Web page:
The New Poor

The sound from the slums is no longer the groan of bodies. Hunger cries, cussing, gunshots, the crackle of fires in old trash barrels—all of these are gone. Our poor no longer freeze or hunger.

I hear it every day on my way home from work, from beneath the narrow steel and concrete bridge that I cut across to make the 20:41 train. It’s the reason why so few commuters take this route, even though it’s a shortcut around the backlog of foot traffic in Darby Square. The noise comes from below, so far down that I can’t see them—not that I look. But I can hear them.

It’s a clattering noise, the metallic clicking of limbs or antennae against hard rock and metal. I hear that the streets down on the low levels aren’t always steel, but it sounds like it. Sometimes I hear a low thrum, dozens of them moving at once, milling around aimlessly and hopelessly without work or power. Sometimes it’s only one, and I can follow the mournful clinks as it wanders from outlet to outlet, cable extending and retracting at each one, jacking in to search for even the smallest hint of stray electricity.

Some activists claim that abandoning them is cruel, that it behooves us to care for our creations or at least to destroy them when they’ve outlived their usefulness, but the city can’t be bothered with the costs. I don’t think anyone pays much attention to those fringe groups, anyway. It was one thing to protest cruelty to living things, but to machines? Even the liberals thought that was taking things a little far.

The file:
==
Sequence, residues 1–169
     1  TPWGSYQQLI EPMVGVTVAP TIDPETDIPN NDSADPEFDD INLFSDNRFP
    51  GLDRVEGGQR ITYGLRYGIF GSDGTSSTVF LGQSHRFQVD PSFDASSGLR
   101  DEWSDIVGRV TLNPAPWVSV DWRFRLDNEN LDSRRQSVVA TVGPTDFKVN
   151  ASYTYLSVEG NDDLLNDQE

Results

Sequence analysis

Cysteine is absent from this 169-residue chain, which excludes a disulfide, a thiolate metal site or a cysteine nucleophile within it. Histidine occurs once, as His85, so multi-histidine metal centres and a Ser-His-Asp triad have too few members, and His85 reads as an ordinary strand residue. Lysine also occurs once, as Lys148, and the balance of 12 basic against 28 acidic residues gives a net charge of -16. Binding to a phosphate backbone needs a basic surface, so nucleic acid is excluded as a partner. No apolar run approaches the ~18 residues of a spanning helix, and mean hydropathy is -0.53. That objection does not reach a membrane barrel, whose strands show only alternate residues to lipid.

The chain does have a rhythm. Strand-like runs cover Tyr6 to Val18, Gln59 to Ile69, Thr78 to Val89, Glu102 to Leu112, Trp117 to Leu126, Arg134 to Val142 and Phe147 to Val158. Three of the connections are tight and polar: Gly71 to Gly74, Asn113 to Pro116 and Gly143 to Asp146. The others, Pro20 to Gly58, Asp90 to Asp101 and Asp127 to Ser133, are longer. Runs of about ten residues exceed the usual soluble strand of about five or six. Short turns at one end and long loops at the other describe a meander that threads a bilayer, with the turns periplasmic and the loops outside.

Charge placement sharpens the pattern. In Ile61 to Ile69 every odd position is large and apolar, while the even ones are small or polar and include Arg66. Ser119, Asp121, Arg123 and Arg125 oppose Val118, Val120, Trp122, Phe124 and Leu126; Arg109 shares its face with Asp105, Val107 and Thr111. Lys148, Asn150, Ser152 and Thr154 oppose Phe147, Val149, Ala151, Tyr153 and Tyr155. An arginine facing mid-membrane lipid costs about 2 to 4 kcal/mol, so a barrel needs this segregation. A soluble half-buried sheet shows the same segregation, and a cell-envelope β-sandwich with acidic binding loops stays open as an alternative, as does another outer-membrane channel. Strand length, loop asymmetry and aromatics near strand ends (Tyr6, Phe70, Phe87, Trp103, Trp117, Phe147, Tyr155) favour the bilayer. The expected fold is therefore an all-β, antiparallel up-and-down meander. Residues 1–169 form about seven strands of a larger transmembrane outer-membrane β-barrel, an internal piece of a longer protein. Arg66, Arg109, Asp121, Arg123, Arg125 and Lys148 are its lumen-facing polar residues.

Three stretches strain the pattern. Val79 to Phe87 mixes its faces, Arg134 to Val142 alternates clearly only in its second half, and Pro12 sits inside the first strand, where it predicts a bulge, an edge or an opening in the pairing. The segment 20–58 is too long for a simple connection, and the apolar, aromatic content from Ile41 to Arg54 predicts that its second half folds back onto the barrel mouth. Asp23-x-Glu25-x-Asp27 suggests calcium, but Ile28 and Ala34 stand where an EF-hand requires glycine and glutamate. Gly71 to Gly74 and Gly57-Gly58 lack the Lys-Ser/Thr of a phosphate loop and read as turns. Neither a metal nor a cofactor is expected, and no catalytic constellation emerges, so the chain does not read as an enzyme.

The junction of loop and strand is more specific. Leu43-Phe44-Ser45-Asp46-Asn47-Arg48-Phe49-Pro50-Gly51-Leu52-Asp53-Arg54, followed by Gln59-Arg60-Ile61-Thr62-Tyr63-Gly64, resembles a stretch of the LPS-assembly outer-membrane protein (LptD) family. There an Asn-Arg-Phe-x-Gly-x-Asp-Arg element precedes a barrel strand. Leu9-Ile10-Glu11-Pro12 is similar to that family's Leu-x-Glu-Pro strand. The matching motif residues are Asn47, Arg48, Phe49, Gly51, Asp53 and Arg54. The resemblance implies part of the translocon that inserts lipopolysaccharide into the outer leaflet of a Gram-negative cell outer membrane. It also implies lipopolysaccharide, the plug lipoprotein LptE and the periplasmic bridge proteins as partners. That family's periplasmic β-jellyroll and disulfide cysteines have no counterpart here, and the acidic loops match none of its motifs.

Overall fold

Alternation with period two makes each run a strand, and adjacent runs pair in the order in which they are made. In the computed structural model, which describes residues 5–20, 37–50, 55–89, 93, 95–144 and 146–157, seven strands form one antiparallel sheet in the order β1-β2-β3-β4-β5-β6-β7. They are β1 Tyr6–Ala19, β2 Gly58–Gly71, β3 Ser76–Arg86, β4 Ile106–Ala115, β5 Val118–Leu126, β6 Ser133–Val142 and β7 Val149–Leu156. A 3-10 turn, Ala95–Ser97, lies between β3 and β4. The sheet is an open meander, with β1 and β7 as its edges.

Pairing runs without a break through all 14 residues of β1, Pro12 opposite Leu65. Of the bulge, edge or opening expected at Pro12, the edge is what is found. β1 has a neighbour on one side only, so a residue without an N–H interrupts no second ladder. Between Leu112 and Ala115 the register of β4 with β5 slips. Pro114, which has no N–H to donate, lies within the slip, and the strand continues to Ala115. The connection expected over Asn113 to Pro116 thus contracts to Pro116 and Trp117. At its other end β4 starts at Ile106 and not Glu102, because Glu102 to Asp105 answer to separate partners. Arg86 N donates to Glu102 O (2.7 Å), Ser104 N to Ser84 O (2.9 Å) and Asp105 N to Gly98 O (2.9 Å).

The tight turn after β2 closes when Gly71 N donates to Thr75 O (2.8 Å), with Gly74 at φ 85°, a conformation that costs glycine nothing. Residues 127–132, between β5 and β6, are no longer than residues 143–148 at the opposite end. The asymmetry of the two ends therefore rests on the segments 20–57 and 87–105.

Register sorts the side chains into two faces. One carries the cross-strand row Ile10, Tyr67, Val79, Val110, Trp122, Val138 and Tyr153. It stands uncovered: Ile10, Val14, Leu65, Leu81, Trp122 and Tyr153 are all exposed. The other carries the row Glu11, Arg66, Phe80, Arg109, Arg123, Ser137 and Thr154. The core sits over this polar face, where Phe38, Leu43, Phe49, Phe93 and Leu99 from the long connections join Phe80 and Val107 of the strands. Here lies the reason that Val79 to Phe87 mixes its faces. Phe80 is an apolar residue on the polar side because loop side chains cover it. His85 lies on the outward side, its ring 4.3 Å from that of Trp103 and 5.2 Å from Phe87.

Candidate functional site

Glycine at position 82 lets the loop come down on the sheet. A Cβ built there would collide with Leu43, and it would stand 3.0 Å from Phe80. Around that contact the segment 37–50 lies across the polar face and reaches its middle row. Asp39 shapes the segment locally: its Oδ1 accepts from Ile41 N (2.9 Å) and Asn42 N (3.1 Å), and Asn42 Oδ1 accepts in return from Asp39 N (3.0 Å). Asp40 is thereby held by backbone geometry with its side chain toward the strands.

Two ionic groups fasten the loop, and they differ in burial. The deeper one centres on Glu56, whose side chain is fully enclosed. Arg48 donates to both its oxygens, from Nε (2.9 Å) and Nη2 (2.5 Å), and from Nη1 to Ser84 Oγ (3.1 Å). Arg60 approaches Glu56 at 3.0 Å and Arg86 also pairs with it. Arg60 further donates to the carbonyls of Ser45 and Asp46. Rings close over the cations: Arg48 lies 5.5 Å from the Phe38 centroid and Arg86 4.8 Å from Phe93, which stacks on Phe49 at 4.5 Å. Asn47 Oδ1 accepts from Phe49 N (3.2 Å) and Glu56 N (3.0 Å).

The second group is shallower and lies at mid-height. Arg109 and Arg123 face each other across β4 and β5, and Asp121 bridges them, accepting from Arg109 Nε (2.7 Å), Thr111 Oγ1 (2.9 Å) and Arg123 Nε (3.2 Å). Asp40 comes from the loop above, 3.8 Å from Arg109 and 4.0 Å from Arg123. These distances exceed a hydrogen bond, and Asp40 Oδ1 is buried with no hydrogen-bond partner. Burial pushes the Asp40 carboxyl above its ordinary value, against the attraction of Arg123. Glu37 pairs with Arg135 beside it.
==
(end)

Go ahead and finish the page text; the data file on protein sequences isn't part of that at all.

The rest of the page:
Me, I don’t buy into all this ‘machine rights’ bullshit in the activist pamphlets, but I do think something should be done about those things. I know the government says it’s too late, that it’d take more time and manpower and money to round up all the little creeps than they’d get back from selling the recyclable parts, but hell. It’s only getting worse.

Most people don’t ever hear the noise. If you stick to the main corridors, you won’t. They’re all insulated anyway, so sounds from the lower levels don’t filter through. When I have to catch the late train, though, the mournful clatter from below makes my skin crawl.

The fate of the lower classes has been a platform for re-election since history books were invented, but times have changed. Politicians say that beating poverty is our responsibility to the poor, but just between you and me? It’d be more like a service to the rest of us.

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